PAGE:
Baskets were made traditionally in different ways in different areas. You may wish to look into the materials and the techniques which were traditionally used in your own particular area.
Natural Woven Baskets
If the above seems a little too complex for you to take on, you might wish to consider making a more simple natural woven basket. For this project, all you will require is a large needle or bodkin, and natural materials. You will need two different types of natural material to take on this type of project. Firstly, you will need a core material, which will be coiled around to make a basket shape. Next, you will need a thread, yarn or twine to tie this coil together.
One simple idea is to use dried grass stems (something many people can have access to in their gardens) for the core. Other stems, like lavender stems for example, can also be used. You could also use a natural twine (made from nettles for example) to bind this core together and make your basket. You can also use nettles for both the core of the coil and the binding for your coil basket.
Dry then soak the stems or other materials you have chosen to use for your core. Then give them a twist together, and begin to coil them round. Pass the twine you are using around this core material into the centre and back out. This is to make sure that each coil you make is connected to the one inside it.
The great thing about a project like this is that there are few hard and fast rules. You can experiment a little with different natural materials from your garden. And have some fun seeing the different rustic harvesting basket types that you can make.
The baskets you make at first will naturally look very hand-made, and not like those you can buy. But the uniqueness of the baskets you make is just part of their rustic charm. They can still be very functional items once you get the hang of it.
Obviously, in this article, I have not gone into how you actually create any of these baskets in any depth. I hope, however, these ideas inspire you to look further into the natural basketry options that you could consider. Soon you could be using materials you can gather for free from your own garden or the natural surroundings in your area.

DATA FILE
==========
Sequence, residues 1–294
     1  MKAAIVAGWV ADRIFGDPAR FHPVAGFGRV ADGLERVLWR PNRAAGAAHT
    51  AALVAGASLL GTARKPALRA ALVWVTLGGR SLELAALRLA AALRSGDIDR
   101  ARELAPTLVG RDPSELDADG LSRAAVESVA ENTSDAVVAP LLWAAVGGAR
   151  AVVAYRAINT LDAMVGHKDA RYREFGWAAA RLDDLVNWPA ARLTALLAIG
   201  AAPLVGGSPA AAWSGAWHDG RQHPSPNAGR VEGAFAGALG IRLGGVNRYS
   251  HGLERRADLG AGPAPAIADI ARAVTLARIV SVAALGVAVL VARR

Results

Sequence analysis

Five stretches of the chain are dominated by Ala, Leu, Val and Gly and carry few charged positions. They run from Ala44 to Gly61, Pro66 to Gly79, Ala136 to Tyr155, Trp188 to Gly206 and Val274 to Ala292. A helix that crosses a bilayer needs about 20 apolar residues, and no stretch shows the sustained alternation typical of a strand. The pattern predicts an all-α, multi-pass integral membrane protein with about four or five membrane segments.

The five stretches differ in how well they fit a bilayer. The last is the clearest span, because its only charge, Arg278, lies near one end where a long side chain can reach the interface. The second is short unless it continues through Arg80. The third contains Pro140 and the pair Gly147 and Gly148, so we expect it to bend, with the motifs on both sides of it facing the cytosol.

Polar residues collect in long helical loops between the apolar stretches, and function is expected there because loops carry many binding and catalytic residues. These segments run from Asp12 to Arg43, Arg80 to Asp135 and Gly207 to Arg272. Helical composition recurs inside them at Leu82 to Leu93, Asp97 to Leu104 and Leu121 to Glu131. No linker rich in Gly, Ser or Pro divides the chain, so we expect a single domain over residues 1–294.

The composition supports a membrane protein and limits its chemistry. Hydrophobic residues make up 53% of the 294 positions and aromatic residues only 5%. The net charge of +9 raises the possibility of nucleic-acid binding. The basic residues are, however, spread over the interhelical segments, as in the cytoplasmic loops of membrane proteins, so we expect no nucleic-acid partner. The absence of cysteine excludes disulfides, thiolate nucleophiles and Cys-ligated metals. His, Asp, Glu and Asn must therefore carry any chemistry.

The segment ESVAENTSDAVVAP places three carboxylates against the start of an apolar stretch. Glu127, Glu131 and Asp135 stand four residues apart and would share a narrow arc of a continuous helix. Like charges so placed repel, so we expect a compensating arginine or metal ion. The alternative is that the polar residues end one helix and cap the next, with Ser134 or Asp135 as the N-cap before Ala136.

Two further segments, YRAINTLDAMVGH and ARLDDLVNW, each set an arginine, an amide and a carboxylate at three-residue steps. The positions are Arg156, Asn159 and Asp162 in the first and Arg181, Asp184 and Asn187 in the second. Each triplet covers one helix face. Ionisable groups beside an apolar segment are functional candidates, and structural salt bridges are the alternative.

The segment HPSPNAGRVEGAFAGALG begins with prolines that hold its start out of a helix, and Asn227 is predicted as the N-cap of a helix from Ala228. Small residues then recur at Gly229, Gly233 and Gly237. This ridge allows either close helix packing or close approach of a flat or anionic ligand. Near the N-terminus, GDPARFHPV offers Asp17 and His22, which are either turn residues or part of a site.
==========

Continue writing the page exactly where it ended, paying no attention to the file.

A garden can provide you and your family with more than just food. It can help you out with the materials you need to live in a more natural, sustainable and self-reliant way. Making your own rustic harvesting basket could be a great skill building exercise. And can help you make sure you really are using your garden to the fullest.
Do you have basketry skills? Do you have any tips to share with those trying it out for the first time? Which materials and techniques do you like to use? We’d love to hear from you in the comments below.
Elizabeth Waddington is a writer and green living consultant living in Scotland. Permaculture and sustainability are at the heart of everything she does, from designing gardens and farms around the world, to inspiring and facilitating positive change for small companies and individuals.
She also works on her own property, where she grows fruit and vegetables, keeps chickens and is working on the eco-renovation of an old stone barn.
To get in touch, visit https://ewspconsultancy.com.